My Uncle, Merle Feller, b 1915 d 2002

This is my first little essay for The Carnival of Genealogy. In all these years, while I had a “real job,” I resisted getting involved. It was most likely a mistake, but that’s water under the bridge. I’m probably best known for my mistakes anyway. :>)

My uncle, Merle Feller, was born on the 2nd of January, 1915, in Canon City, Colorado. He was the second child born to Neil Cornett (of Grayson County, Merle Feller 1915-2002 Virginia) and Hazel Feller (of Canon City, Colorado). Neil and Hazel soon divorced and Merle and my mother, Virginia, were adopted by their great aunt and uncle, Fred and Rosa Feller. I don’t know a lot about Uncle Merle’s early years, but I believe he spent most of his life in the construction business in the Pueblo, Colorado area. He was married twice, first to Agnes Marie Larson (m 1935) , and later to Miriam Hooks (m 1955).

I only saw Merle a half dozen times in my life. Once or twice when he came to Washington to see my mother, at a couple family reunions in Canon City, Colorado, and two or three times when I stopped by his apartment to visit with him later in his life. I really liked the guy – and I think he liked me. He’d always tease me about my mother being vegetarian and refusing to even look at anything with alcohol in it. I know mother gave him a bad time about his willingness to drink what she considered to be too much. Thus the teasing on his part.

Merle was not accepted by his birth-father, Neal Cornett (my grandfather), as being his son until just days before Neal’s death. My mother convinced her birthfather, Neal, to go to Pueblo, Colorado to visit Merle. While he was there, he accepted Merle for the first time in his long life (91 years). Within a few days, while still at Uncle Merle’s, he fell, broke his hip and passed away. When Grandpa’s will was opened, he left Merle $1.00. Merle said it was like “a slap from the grave.” It’s too bad he didn’t live a little longer, as I’m sure the will would have been a little different.

Merle was a typical Feller, and being a Feller, he seemed to hold grudges against other family members pretty easily. We still have a heck of a time having family reunions in that there are always factions of the family that aren’t currently on speaking terms with each other. Somewhere around 2000 Merle decided that he wasn’t speaking to the family anymore, and up and disappeared – into what we found out later was Butte County, California. He moved in with a friend, and died there on October 4, 2002.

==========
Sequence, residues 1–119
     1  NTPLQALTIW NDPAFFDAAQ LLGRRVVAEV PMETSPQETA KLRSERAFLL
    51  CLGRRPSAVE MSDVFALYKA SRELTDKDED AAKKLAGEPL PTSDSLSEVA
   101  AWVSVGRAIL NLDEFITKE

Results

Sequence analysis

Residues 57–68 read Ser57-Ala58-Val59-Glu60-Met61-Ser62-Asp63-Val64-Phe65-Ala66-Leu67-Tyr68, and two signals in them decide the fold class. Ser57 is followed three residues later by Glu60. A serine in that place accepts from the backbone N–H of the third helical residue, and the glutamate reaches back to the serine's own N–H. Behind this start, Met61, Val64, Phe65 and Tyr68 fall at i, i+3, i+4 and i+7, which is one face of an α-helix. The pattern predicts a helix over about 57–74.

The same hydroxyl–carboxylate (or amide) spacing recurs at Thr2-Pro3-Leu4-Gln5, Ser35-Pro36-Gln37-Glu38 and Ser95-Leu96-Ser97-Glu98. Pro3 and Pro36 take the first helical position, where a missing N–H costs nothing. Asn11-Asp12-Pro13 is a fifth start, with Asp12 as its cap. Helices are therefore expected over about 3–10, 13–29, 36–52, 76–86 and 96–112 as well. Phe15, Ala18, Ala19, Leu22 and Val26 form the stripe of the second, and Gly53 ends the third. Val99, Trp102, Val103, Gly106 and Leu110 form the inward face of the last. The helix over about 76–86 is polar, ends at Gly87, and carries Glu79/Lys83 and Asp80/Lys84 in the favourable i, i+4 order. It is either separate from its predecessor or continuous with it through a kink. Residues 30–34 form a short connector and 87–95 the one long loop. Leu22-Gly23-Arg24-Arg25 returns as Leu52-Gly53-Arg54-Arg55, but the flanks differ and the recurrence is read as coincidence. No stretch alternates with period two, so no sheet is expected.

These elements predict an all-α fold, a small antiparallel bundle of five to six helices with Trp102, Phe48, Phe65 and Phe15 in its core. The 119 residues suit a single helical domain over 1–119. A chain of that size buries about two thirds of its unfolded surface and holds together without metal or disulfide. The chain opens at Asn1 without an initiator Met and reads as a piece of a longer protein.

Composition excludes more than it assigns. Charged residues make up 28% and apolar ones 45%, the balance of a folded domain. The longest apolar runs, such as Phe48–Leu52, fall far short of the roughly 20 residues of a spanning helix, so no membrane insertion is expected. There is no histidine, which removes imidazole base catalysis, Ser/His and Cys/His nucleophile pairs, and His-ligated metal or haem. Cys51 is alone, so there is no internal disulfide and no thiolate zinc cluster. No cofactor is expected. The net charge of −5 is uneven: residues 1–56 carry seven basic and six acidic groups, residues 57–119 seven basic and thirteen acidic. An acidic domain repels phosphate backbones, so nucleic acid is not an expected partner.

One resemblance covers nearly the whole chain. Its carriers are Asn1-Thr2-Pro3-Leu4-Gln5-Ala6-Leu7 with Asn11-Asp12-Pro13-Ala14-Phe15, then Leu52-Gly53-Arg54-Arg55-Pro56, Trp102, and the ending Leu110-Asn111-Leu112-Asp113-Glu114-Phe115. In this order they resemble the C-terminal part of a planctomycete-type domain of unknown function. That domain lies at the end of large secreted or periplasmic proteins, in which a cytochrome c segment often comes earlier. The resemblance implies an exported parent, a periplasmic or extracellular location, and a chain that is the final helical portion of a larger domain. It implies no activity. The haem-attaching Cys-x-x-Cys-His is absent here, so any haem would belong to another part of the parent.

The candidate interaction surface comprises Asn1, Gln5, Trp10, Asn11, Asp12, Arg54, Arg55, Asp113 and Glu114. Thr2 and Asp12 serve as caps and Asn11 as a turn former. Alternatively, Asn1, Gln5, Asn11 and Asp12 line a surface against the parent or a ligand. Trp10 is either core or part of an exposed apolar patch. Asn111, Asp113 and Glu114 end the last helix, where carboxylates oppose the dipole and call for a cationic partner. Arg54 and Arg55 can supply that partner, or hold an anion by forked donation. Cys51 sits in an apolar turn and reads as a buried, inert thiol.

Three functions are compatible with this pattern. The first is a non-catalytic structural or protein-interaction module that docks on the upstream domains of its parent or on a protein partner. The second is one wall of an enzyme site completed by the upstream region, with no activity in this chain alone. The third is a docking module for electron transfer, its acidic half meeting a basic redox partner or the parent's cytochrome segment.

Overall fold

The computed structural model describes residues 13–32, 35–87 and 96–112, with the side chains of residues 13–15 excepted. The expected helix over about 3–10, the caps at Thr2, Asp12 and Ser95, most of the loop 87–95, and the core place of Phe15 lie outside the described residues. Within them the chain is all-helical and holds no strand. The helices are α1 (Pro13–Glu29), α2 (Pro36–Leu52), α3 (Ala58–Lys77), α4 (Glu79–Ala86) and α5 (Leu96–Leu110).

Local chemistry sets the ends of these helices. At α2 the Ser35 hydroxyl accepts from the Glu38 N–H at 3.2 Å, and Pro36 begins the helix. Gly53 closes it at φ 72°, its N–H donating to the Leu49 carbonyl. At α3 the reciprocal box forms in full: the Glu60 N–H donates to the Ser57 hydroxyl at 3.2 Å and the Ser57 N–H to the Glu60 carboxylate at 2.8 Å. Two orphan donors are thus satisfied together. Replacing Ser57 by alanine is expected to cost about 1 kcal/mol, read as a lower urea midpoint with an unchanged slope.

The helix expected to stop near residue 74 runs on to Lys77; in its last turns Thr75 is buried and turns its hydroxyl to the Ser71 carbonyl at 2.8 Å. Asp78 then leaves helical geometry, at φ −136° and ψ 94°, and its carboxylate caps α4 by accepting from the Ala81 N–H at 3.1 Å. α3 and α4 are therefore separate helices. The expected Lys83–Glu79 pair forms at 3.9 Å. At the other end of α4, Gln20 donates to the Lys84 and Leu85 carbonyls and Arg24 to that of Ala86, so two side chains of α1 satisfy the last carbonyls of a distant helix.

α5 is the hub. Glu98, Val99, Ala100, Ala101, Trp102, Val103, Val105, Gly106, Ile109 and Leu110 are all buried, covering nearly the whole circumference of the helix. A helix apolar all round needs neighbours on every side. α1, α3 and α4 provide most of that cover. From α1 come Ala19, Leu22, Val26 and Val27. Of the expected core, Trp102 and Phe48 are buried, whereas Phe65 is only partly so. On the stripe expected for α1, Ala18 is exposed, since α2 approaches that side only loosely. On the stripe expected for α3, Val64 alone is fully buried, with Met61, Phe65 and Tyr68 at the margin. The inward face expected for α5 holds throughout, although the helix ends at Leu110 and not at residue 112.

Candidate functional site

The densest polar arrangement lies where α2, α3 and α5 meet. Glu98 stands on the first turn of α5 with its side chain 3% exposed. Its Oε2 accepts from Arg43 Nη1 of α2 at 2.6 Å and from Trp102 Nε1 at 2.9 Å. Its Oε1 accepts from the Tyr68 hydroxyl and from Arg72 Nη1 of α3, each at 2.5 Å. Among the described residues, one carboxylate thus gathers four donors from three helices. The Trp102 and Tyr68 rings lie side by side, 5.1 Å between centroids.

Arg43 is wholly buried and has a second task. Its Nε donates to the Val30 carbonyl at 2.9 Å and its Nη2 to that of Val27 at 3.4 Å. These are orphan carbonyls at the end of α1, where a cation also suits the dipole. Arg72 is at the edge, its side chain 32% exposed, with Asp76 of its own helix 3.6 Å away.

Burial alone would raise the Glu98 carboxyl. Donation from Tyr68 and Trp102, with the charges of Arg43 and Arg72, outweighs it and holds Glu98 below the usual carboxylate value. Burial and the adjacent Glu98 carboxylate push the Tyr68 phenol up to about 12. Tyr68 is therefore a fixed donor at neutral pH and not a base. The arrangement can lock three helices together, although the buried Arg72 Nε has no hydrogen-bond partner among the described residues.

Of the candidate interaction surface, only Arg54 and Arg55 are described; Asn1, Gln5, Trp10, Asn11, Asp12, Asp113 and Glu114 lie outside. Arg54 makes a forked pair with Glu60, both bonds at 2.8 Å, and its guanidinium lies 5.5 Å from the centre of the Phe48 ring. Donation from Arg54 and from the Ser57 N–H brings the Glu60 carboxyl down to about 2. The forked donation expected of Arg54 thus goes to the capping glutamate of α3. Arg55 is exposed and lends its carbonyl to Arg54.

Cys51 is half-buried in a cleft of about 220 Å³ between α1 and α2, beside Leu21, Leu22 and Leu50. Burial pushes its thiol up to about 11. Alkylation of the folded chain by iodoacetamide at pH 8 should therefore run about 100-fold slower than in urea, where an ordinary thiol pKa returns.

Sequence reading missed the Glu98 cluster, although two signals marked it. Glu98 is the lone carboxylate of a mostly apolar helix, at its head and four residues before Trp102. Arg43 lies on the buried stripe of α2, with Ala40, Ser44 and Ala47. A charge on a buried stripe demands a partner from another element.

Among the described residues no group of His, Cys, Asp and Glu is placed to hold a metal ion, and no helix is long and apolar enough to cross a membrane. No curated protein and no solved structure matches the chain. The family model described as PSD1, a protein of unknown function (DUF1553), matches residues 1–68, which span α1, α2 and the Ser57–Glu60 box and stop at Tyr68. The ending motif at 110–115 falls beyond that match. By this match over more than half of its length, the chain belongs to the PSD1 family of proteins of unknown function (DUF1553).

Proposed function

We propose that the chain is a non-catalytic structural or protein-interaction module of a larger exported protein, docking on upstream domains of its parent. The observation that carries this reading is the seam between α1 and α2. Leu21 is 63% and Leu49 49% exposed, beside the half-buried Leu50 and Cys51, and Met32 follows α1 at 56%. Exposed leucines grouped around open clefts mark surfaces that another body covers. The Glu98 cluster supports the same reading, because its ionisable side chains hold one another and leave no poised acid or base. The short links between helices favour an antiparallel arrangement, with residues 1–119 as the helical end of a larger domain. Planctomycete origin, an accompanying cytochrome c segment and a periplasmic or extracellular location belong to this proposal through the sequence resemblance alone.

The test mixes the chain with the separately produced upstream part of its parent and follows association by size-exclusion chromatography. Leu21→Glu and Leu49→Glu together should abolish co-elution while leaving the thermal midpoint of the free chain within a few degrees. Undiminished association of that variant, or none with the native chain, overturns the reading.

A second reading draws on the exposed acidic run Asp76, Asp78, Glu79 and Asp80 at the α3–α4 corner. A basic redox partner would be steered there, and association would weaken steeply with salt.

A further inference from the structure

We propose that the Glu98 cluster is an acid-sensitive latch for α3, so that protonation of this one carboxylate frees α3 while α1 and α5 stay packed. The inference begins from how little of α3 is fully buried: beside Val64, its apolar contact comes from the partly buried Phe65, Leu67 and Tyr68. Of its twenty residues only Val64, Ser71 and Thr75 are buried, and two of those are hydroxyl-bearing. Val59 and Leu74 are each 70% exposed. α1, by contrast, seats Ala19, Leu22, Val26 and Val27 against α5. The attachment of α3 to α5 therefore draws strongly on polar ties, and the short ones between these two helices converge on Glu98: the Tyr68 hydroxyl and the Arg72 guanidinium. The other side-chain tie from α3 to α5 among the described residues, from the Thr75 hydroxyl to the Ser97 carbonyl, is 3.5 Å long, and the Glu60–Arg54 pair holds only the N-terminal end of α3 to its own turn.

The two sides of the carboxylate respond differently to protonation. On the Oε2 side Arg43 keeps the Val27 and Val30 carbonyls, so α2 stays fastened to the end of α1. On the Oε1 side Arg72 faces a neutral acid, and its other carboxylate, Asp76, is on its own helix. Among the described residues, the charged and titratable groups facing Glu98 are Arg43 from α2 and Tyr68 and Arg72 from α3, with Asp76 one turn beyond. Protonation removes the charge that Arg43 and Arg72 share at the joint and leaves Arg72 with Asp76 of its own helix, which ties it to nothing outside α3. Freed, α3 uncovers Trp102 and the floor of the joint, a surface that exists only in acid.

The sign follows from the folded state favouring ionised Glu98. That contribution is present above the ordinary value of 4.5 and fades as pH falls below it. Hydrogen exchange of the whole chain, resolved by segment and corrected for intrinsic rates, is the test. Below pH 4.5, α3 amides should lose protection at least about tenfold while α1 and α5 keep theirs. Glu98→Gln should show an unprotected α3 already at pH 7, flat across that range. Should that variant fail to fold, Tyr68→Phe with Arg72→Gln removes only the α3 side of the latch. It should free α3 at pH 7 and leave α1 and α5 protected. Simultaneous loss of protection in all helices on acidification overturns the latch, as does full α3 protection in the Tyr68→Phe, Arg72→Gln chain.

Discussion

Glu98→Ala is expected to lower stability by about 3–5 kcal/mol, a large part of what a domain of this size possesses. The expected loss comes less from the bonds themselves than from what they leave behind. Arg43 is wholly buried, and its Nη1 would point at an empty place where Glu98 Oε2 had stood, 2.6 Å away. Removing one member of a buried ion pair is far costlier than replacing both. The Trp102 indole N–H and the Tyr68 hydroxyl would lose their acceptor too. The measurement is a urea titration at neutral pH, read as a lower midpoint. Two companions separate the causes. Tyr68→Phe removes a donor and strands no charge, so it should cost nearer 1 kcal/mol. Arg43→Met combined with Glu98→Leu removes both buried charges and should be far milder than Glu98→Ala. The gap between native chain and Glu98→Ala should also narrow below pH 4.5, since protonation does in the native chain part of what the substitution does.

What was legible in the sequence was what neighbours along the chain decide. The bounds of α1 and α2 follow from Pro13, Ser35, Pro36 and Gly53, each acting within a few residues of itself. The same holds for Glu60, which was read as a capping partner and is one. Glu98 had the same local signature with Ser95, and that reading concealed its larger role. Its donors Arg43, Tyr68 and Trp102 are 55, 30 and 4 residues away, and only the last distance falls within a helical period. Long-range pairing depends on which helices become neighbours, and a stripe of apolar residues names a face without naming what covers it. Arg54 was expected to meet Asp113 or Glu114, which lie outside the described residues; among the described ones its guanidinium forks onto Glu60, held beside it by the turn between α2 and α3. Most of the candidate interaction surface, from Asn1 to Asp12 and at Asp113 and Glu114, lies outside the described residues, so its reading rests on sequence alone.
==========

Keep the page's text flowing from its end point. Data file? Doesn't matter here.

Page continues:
I only wish I’d gotten to know him better… Writing this hasn’t really helped my day… I have an empty feeling…

Author: Leland Meitzler

Leland K. Meitzler founded Heritage Quest in 1985, and has worked as Managing Editor of both Heritage Quest Magazine and The Genealogical Helper. He currently operates Family Roots Publishing Company (www.FamilyRootsPublishing.com), writes daily at GenealogyBlog.com, writes the weekly Genealogy Newsline, conducts the annual Salt Lake Christmas Tour to the Family History Library, and speaks nationally, having given over 2000 lectures since 1983.

2 thoughts on “My Uncle, Merle Feller, b 1915 d 2002”

  1. I understand your empty feeling, but know you are not alone in the family’s squabble. Without giving out names, there are some Italians on my husband’s lines that won’t talk to family members over a small incident when they were young adults and hold a grudge til their deathbed. My mom’s dad went missing when I was born in 1961, he resurfaced in the late 70’s. He left over a misunderstanding with his brother. (He and my grandmother were divorced). All those years missed over a misunderstanding. My grandfather died 3 years after he came back. My mother found out years later via the internet and a genealogy query that she had a brother from an encounter her father had before he disappeared.

    So, when you write these stories, it helps those like me know we are not alone in these family matters. While we wish all our stories were exciting and inspirational, some are ones we just learn from, and love them anyways. I hope to read more from you in the future. Tina Sansone

  2. I think those of us whose parents and grandparents families didn’t seem to have close or amiable relationships work harder on relationships with our children and grandchildren. Perhaps that is our legacy.

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